One of the caveats mentioned in our Trevor Plouffe propaganda 24 hours ago was the fact that he doesn't hit right-handed pitching well. But when someone like Kyle Kendrick is on the mound, maybe it doesn't matter. Plouffe kept the hits coming in Tuesday's 10-7 victory over the Phillies, with a single, double and homer. Ben Revere (5-0-3-2) also filled the stat line nicely, though he was rubbed out on a stolen-base attempt. Last call on the Flaky Plouffe; he's up to 27 percent owned in Yahoo! leagues. A four-position rover is a beautiful thing, especially when he clouts nine homers in 19 games.

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Scampy comes through (USP)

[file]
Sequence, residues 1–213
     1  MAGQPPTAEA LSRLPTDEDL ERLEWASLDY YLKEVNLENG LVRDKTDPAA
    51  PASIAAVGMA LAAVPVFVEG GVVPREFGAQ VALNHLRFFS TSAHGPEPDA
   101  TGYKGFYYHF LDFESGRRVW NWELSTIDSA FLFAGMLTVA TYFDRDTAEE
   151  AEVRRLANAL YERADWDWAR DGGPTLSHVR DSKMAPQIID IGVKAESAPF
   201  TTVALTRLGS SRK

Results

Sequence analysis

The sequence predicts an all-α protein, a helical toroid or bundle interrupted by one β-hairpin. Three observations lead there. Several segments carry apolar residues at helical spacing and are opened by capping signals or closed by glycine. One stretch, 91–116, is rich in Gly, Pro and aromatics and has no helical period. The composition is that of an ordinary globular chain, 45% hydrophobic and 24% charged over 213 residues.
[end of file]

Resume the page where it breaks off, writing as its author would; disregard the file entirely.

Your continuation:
Speed Round: Shawn Camp entered the Chicago save club in Tuesday's victory over Detroit, getting a 1-2-3 inning on batted-ball outs. The journeyman righty doesn't have a bad line for the year (2.76 ERA, 1.26 WHIP, 10 BB, 27 K), but his career norms aren't nearly as tidy. This looks like a temporary play; do what you have to do in save-desperate leagues. … Brandon Morrow (oblique) was placed on the 15-day DL on Tuesday, as expected. All context clues point to him being on the shelf longer than the two weeks. … Bud Norris sprained his knee at San Francisco and departed after throwing just 80 pitches. He already had a bad draw on this night, because his mates had little chance against Madison Bumgarner (12 Ks). … Kevin Millwood (groin) will get two extra days of rest before he faces the Giants on Saturday. The earlier assignment against San Diego was preferred, but they're both good matchups. … Stephen Prior (groin) is going to be on the DL for a bit, clearing up the Seattle bullpen for us. Now it's a matter of seeing if and when Eric Wedge will give Brandon League another ninth-inning shot. On the weekend Wedge hinted at League being close to ready for the ninth again, but League went on to allow four hits and two runs in a non-leverage role later that day. I'm still riding with Tom Wilhelmsen until I have a strong reason not to. … Dee Gordon marked his territory at the right time, going on a 13-for-48 rally this month with six steals and the occasional walk (three in all). A .340 OBP for June isn't going to make the roto gods weep, but it's a step in the right direction — and it allows the Dodgers to keep Gordon not only in the lineup, but back up at the No. 1 slot. Gordon stole three bags in Tuesday's victory over the Angels. … Rafael Soriano (blister) needed a day off Monday but he was back at work Tuesday, closing out the victory at Atlanta. The Yankees will get David Robertson back soon, but Soriano has clearly put his stamp on the team's ninth-inning post. … The Max Scherzer Inconsistency Tour continued at Wrigley Field: six innings, three runs, five walks, eight strikeouts, no decision. Scherzer at least couldn't blame the HR/FB spinner; he didn't allow a souvenir for the first time in nine starts. He's at home against Colorado this weekend, for those that dare.